After her unexpected loss in the 2016 presidential election to Republican candidate Donald Trump, Hillary Clinton called then-President Barack Obama to apologize.
Details of the exchange are described in the new book "Shattered," a chronicle of Clinton's campaign. "Shattered" was authored by a pair of campaign reporters, Jonathan Allen and Amie Parnes, and the excerpt of the conversation was found and detailed by The Washington Post.
After Clinton was informed by a trusted vote-counter in the state of Florida that the Democratic candidate was going to lose the key battleground state, Allen and Parnes describe a confident room turning frantic. Aides begin to blame one another, Bill Clinton becomes angry, and Hillary slowly loses her resolve.
The book recounts a testy situation on the night of the election as Hillary's odds of victory diminish, when a phone call from Obama's White House to Clinton campaign manager Robby Mook comes in, urging him to convince Hillary to concede. Obama does not want a "messy recount," but Hillary initially refuses.
An hour or so later, the White House contacts the campaign again, pressing them to concede.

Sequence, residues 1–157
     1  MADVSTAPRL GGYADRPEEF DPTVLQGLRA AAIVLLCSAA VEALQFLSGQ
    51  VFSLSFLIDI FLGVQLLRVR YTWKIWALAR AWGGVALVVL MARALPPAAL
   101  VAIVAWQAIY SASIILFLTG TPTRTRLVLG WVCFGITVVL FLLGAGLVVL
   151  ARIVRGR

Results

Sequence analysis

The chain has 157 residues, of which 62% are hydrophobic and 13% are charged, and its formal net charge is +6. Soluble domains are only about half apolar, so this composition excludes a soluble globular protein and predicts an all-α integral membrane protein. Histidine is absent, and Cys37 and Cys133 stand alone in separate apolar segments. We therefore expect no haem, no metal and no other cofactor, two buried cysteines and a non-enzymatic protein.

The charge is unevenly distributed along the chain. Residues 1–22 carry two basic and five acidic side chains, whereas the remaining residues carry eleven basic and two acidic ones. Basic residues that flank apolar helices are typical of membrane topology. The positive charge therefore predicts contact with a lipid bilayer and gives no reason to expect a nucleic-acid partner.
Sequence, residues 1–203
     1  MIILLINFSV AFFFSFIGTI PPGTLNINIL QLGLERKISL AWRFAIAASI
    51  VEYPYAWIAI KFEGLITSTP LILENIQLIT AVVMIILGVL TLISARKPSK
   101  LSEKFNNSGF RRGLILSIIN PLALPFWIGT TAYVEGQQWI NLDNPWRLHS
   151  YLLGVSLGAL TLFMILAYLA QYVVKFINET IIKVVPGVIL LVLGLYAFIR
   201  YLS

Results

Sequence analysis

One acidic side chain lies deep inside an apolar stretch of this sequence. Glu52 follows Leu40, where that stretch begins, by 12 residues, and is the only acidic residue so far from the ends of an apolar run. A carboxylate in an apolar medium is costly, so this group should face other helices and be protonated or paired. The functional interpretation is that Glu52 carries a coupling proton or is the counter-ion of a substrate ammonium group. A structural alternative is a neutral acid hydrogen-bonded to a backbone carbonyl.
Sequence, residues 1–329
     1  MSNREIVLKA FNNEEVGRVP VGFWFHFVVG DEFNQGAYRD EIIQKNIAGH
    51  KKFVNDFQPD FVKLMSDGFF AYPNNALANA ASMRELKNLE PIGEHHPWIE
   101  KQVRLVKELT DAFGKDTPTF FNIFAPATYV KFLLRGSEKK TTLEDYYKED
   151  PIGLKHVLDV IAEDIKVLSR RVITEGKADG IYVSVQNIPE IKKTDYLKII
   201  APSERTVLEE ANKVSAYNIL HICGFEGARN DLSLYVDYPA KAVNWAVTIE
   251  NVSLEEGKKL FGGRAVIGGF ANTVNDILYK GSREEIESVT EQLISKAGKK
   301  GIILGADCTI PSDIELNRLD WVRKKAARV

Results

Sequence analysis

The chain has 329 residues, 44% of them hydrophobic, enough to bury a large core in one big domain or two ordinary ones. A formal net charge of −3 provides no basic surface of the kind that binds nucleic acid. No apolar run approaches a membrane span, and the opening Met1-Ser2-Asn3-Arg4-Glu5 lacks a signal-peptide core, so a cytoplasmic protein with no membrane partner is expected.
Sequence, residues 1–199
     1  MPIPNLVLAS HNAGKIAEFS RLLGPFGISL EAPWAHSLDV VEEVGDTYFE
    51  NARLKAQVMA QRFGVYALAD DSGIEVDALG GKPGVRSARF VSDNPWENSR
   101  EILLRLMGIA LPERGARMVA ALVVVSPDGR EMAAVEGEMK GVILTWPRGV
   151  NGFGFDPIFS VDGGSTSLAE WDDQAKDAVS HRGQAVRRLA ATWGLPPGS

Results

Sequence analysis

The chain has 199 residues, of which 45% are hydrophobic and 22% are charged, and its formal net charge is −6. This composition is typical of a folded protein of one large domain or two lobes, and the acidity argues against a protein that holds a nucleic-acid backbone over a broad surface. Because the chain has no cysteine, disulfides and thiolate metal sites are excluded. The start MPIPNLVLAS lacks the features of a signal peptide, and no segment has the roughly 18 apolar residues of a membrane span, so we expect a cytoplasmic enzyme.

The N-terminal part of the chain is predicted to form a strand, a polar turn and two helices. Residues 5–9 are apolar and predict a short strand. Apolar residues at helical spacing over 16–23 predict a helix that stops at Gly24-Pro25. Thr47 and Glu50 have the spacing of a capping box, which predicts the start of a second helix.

Allen and Parnes write that Hillary asked for the phone and finally made the one phone call she did not expect to make when the campaign began; a congratulatory dial to Donald Trump.
"Congratulations, Donald," said Hillary, according to Allen and Parnes. She received a third call from the White House, this time, a conciliatory call from Obama himself.
"Mr. President, I'm sorry," said Hillary.
"Shattered" spends much of its narrative on the campaign trail, particularly Clinton's battle with independent Sen. Bernie Sanders of Vermont for the Democratic nomination, according to The Washington Post.
Many media outlets predicted Clinton would win the presidential election by a large margin, an error that Trump has since mentioned in numerous speeches.
In an interview with Rolling Stone magazine, Obama mentioned that not all mainstream media worked against Trump. In fact, some may have helped.
"Part of it is Fox News in every bar and restaurant in big chunks of the country,” the president said in the interview. He went on to note that the Democratic party had lost much of its working-class base, particularly in the Midwest.
"Whatever policy prescriptions that we've been proposing don't reach, are not heard, by the folks in these communities. And what they do hear is Obama or Hillary are trying to take away their guns or they disrespect you," he said.
Hillary spent several weeks out of the public eye after the loss, reemerging for various speaking engagements in early 2017.